In Mere Christianity, C.S. Lewis makes a point about Jesus being the Son of God that, strangely, reminded me of a point I make when I teach on the art of pro-life persuasion.
When I make the case that the unborn is a human being, one of the arguments I offer is based on the law of biogenesis. This law states that living things reproduce after their own kind. When two animals of the same species mate, they produce offspring that is of the same biological type. When two dogs mate, for example, they produce another dog. When two spiders mate, they produce another spider. That’s why when my wife was pregnant with our first child, though we wondered whether we were going to have a boy or girl, we didn’t wonder whether we were going to have a human or not. After all, we’re human, so our offspring must also be human. And when our second pregnancy yielded a second human, we weren’t shocked by this. We didn’t think, Wow...two humans in a row! What are the chances? Humans beget humans.
Well, I was recently reading C.S. Lewis when I came across this piece. He was arguing that if Jesus was begotten of God, then that means Jesus has the same nature as God. Lewis explains:
To beget is to become the father of: to create is to make. And the difference is this. When you beget, you beget something of the same kind as yourself. A man begets human babies, a beaver begets little beavers and a bird begets eggs which turn into little birds. But when you make, you make something of a different kind from yourself. A bird makes a nest, a beaver builds a dam, a man makes a wireless set [i.e., a type of military radio transmitter]—or he may make something more like himself than a wireless set: say, a statue.... Now that is the first thing to get clear. What God begets is God; just as what man begets is man.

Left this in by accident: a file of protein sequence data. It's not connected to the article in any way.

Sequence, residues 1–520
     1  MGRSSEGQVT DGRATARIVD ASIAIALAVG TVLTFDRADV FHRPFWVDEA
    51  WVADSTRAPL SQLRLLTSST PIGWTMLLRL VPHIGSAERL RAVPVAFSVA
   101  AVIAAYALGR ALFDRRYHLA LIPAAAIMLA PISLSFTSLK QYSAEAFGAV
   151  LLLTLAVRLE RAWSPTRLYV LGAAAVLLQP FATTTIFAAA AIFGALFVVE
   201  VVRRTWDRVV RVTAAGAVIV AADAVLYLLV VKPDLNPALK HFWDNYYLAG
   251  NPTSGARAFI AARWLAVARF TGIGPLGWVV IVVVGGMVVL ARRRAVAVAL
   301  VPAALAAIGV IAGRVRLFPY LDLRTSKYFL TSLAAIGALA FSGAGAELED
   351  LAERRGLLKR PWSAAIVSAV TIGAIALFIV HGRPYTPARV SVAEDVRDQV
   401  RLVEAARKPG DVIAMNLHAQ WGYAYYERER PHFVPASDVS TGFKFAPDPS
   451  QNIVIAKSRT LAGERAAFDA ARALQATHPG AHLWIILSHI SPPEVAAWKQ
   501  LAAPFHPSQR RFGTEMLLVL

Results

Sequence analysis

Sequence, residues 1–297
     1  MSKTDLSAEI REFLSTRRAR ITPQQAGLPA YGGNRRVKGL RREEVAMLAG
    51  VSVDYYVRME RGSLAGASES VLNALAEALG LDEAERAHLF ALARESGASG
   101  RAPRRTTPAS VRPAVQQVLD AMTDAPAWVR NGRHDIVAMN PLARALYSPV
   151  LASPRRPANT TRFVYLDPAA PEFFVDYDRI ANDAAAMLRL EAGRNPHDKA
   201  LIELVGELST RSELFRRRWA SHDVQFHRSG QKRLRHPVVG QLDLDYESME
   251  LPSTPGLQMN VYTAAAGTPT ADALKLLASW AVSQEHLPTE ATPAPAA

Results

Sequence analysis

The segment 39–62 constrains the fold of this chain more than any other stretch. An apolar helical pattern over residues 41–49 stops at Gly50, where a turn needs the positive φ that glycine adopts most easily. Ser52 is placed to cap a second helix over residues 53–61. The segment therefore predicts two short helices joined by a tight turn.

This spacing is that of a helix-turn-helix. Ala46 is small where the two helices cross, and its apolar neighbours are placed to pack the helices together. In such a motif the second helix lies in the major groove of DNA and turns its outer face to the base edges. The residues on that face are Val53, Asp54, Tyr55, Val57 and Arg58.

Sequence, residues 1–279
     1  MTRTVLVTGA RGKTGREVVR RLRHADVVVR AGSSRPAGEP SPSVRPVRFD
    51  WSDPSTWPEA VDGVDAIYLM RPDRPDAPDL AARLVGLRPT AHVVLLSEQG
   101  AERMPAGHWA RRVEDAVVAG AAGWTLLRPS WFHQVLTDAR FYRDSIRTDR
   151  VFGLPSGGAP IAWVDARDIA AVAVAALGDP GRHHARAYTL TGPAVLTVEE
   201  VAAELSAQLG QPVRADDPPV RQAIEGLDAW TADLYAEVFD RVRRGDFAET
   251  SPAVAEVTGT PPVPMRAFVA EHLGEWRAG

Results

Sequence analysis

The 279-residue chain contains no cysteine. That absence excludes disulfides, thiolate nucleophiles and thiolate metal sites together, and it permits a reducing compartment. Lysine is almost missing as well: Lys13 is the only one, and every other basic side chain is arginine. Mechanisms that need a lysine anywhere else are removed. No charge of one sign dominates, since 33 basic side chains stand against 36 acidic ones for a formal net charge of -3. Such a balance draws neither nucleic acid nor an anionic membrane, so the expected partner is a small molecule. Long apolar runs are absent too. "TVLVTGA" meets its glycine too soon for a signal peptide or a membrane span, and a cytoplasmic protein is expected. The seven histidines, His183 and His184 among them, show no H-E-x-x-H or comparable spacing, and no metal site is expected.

Lewis is making a point based on a principle similar to the law of biogenesis. When God begets, He begets something of the same nature. Therefore, if Jesus is the Son of God (begotten), then that means He has the same nature as God. Conversely, humans (and angels) are created beings. That makes us a different kind of being than God.
There are, of course, always limitations to these analogies. For example, human begetting yields a creature of the same kind that begins to exist. Although the person of Jesus began in space-time history, the second person of the Trinity always existed. There are many other dissimilarities, as well. To list them all would be to take this post too seriously. But hopefully you can see the similarity between the case for Christ’s divinity and the pro-life argument.